St John, Leeds, West Yorkshire
A most interesting and in some ways a remarkable church. The population of Leeds was already rapidly expanding by the end of the 16th Century, and in the 1630s the parish of St John was created to serve the new suburbs to the north of the town. William Harrison, a wool merchant and philanthropist who was a leading citizen of Leeds, bankrolled the construction of the church, and it was consecrated in 1637. This date on its own would be enough to be of interest, of course, because here we are towards the end of the Church of England’s false dawn of Laudian piety, and on the brink of the Civil War, the Commonwealth, the suppression of the Church and the World Turned Upside Down.
But there is more to it than this, for St John was built almost entirely in the language of the late medieval church, and at first glance it would be easy to believe it is an earlier survival. And yet, a second glance tells us that something unusual is going on, for this is effectively two churches, side by side, two naves and two chancels and a double gable at the east end. There seems to be no liturgical reason for this, only fancy and a need for a large capacity. The tower sits at the west end of the northern side of the church.
An engraving of 1715 shows the church looking pretty much as it does today with the exception of the upper part of the tower, which has been rebuilt. The wide graveyard has survived, and I cannot think of another instance of such a central church in such a large city retaining so much ground space. It is only a pity that all the standing headstones have been removed. The church was declared redundant in the 1970s, and is now in the care of the Churches Conservation Trust.
Typically of CCT churches in cities, it seems, access to St John is not always easy. The CCT website says that it is open from 11am to 1pm on Thursdays, Fridays and Saturdays, but when we turned up at midday on a Friday I was not terribly surprised to find the church locked. I rang the local CCT office, where a very patient officer explained to me that they could only open the church if there was someone available to steward it (so why not put that on the website, I wondered, though I didn’t say so). She asked me if I could make an appointment to view, but as I was catching a train back to Ipswich a few hours later this wasn’t possible. I am afraid that I may have implied I had come all the way from Ipswich specially to see this church, for she took pity on me and said she’d be along in half an hour to open up for us.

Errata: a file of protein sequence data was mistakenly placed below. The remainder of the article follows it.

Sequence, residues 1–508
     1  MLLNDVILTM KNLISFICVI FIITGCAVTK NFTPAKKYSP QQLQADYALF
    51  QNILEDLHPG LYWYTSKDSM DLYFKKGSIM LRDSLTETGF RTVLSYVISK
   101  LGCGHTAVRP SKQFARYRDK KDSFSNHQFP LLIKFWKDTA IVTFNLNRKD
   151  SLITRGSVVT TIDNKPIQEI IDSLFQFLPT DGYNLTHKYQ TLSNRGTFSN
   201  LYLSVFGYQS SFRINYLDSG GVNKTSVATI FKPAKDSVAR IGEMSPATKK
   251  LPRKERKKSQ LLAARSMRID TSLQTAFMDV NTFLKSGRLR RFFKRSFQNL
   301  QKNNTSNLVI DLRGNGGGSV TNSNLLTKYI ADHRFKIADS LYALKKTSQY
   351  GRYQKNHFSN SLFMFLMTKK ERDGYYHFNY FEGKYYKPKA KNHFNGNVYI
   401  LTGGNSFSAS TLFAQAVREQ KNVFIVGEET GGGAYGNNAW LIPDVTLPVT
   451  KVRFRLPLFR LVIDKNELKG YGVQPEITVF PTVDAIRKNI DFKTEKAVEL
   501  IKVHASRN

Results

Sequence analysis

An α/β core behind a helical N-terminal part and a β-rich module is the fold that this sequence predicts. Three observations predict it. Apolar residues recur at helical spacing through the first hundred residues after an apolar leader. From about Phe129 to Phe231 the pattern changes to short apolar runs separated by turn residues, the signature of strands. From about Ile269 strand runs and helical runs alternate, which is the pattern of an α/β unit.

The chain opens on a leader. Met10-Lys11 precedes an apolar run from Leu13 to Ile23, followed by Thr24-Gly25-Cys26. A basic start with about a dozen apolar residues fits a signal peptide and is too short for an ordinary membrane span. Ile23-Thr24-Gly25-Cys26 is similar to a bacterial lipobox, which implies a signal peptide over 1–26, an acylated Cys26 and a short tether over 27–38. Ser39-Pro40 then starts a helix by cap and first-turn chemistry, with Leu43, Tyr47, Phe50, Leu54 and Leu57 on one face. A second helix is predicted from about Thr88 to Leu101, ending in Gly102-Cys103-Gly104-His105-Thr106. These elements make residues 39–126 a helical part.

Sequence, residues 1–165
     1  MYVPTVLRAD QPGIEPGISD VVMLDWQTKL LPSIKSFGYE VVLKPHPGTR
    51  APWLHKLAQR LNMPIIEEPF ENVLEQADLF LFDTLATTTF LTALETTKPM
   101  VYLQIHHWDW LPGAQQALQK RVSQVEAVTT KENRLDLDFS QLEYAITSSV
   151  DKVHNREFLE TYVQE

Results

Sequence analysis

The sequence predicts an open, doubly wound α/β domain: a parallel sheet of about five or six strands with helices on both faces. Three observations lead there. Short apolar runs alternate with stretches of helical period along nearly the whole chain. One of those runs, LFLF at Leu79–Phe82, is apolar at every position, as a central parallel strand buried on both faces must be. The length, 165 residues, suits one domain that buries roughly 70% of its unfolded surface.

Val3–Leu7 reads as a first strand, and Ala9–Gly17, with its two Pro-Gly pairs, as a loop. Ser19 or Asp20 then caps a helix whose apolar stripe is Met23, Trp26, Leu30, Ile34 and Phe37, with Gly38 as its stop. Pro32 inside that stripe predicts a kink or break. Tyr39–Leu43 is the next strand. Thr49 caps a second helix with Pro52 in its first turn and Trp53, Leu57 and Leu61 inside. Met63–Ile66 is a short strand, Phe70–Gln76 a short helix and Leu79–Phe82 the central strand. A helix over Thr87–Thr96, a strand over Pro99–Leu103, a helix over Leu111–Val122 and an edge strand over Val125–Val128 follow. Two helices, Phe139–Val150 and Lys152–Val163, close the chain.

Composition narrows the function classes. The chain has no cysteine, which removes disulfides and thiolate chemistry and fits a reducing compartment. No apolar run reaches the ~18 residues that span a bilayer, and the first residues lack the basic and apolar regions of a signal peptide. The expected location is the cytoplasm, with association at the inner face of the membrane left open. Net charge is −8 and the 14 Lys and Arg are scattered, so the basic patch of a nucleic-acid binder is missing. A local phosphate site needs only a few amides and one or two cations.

A swift visit to the nearby market (the largest indoor market in Europe, incidentally) to fuel up on Vietnamese street food, and we were back in time to meet our host. Now, you may wonder why I was so keen to see inside, and why it is impossible to leave the church open without a steward. This is because three remarkably sensitive 19th Century restorations at the hands of Norman Shaw, George Gilbert Scott Jr and Temple Moore have left the interior almost entirely as it was when the church opened in 1637. Stepping inside, the first impression is of a vast forest of Jacobean woodwork, dark pews with finials and strapwork on the sides.